A Lubbock native with a game-winning business strategy and passion for investing in the community that invested in him, Adrian Lewis is taking Lubbock’s health and fitness scene to the next level. Born and raised in the “Hub City,” Adrian grew up surrounded by people who believed he would impact his community for good. What they didn’t know, is the influence he would have on their lives just a few decades later.
His natural athletic talent and notable basketball skills took him to Clarendon Junior College, where he was a student athlete for two years followed by time spent in Houston. But something was calling him home. His family, specifically his great-grandmother, was a key motivator in his decision to return to Lubbock. It is her who gave him the drive and motivation to be successful in and for his community.
Upon coming home, going to the gym was a release from working his traditional nine-to-five job. With time, fellow gym goers began requesting personal training from him. Believing his purpose was to better the lives of those around him, Adrian quit his job to pursue full-time training. Later in 2018, he joined the Rocc Solid Fitness team as a personal training and group fitness instructor.
With a mission to make people excited about working out and COVID-19 at its peak, Adrian knew he needed to create a program that enabled and encouraged his previous clients to look forward to moving their bodies. Creating Live25 Fitness allowed him to do just that. In early 2020, this program was strictly virtual making it an attractive option to log onto Facebook, at any time, and follow the movements shown on the screen. With this platform he made it easy to eliminate any excuses.
This new approach to fitness in Lubbock was what Adrian recognizes as ahead of the curve. Driven to create new experiences in health and wellness for Lubbock, Adrian describes Lubbock’s small-town feel as advantageous to visionaries like himself who are looking to bring change and progress to the city.
“I made it my goal to always be ahead. It is Lubbock, so if you have the vision, you can make changes, create new things and always be the first,” he said.
But Adrian knows he wouldn’t be where he is today without the support of the Lubbock community. He attributes his success to the people who believe in what he does. A city of over 260,000, Lubbock’s humble West Texas culture fuels local support. Entrepreneurs across the city like Adrian find benefit in the word-of-mouth marketing that comes when a good idea is spread among the community. This culture creates more opportunities to those wanting to start a business.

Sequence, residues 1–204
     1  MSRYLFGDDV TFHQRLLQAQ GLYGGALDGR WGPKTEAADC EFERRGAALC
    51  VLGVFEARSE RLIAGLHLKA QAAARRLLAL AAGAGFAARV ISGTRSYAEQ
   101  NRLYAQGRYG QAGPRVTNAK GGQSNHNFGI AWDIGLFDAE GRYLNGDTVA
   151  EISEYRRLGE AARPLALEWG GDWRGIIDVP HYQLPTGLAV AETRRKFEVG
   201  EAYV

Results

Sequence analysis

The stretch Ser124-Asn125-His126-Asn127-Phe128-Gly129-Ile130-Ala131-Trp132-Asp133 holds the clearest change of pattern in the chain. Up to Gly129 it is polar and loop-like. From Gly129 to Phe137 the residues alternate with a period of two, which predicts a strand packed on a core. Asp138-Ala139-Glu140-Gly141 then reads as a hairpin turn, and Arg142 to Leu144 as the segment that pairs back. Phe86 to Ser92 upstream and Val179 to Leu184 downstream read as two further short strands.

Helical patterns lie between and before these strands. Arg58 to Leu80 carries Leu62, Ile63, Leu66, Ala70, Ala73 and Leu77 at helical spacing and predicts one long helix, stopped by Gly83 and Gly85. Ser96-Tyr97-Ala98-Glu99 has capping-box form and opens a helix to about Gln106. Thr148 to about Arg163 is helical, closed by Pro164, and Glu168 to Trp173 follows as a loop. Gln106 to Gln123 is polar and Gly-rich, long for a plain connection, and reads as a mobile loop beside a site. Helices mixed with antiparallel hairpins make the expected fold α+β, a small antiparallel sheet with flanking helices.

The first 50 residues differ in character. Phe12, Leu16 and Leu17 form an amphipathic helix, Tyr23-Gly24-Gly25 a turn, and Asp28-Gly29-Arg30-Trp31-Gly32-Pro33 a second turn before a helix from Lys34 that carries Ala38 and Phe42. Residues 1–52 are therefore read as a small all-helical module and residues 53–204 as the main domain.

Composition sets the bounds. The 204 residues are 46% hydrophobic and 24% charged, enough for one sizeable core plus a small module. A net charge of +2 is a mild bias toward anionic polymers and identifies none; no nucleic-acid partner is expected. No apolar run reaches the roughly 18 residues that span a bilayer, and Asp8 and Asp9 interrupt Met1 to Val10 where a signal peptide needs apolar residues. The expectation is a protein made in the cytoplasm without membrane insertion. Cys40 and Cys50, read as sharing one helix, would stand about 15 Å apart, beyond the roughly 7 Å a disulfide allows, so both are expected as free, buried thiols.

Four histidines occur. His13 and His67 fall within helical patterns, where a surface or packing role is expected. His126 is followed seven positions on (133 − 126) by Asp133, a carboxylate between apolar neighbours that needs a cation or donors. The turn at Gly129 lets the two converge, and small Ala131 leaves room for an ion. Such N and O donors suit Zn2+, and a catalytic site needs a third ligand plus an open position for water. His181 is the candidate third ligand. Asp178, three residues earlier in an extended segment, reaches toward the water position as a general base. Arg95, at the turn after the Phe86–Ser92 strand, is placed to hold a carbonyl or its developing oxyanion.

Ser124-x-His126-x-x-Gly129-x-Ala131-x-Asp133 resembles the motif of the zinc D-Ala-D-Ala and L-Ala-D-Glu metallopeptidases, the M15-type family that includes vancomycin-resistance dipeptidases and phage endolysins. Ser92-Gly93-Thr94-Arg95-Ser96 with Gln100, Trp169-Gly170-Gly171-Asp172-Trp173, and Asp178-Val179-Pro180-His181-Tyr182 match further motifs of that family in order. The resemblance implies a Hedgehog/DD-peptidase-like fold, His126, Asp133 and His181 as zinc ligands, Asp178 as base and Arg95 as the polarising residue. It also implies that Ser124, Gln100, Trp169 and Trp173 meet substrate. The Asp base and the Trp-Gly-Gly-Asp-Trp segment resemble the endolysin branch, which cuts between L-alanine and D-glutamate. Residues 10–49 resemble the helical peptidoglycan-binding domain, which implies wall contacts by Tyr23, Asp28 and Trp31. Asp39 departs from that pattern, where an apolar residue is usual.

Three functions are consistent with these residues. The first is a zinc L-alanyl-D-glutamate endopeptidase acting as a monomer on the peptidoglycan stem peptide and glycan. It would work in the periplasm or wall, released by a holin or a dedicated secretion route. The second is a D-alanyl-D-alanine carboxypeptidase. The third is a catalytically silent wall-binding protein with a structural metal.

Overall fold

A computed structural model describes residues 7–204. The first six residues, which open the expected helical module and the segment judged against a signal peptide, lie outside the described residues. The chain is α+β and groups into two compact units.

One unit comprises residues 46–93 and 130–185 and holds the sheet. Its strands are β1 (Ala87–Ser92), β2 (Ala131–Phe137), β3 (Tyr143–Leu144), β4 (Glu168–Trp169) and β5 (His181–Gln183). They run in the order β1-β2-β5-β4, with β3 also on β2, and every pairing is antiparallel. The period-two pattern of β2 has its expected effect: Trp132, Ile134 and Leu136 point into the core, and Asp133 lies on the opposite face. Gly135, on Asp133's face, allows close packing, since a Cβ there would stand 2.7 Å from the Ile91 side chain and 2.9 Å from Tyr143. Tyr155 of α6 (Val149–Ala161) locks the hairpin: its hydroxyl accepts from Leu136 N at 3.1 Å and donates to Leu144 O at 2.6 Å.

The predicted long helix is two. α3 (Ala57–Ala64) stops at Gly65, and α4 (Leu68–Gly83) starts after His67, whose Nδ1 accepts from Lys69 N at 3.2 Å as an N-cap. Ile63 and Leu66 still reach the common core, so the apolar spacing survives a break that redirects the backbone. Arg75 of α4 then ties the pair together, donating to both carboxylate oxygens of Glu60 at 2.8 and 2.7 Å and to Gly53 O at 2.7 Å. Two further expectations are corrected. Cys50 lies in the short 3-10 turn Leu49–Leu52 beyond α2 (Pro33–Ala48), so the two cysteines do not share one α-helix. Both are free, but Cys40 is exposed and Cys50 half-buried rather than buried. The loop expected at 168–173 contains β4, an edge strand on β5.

What was once a class of 25 has now grown into over 150 individuals from across the city who meet Monday nights for step class at the Guadalupe-Parkway Sommerville Center. Upon entering the doors at 7 p.m., the lights turn low, and each movement is illuminated by the hue of neon lights. This club-like energy ignites attendees with the power to push through each unknown section of the workout.
By offering a different routine every week, Adrian taps into his creative roots to choreograph a new class. He asks himself, “How do I make this idea different from the other one?” Adrian expressed his emphasis on making each workout unique from the songs he mixes to the moves he plans. His creative approach assists in the building of something new, which motivates him for Monday nights.
Whether it be through neon lights or his giving-back mentality, Adrian built something different from his peers in the Lubbock fitness community. This year, Monday class attendees will be bringing school supplies to gift to local teachers in August.
He describes his career as a full-circle moment. Returning to Lubbock has proven to him to be a great location to raise his three daughters with his spouse, Aashauntis. With a slower pace of life, the challenge of a larger city remains in his rearview mirror for the time being. For now, Adrian enjoys changing lives and providing a positive impact on those who helped shape him into the man, leader, and visionary he is today.
“I would rather Lubbock know me for where I came from, what I am doing and where I am going within this city… It means a lot more when you do it for your city.”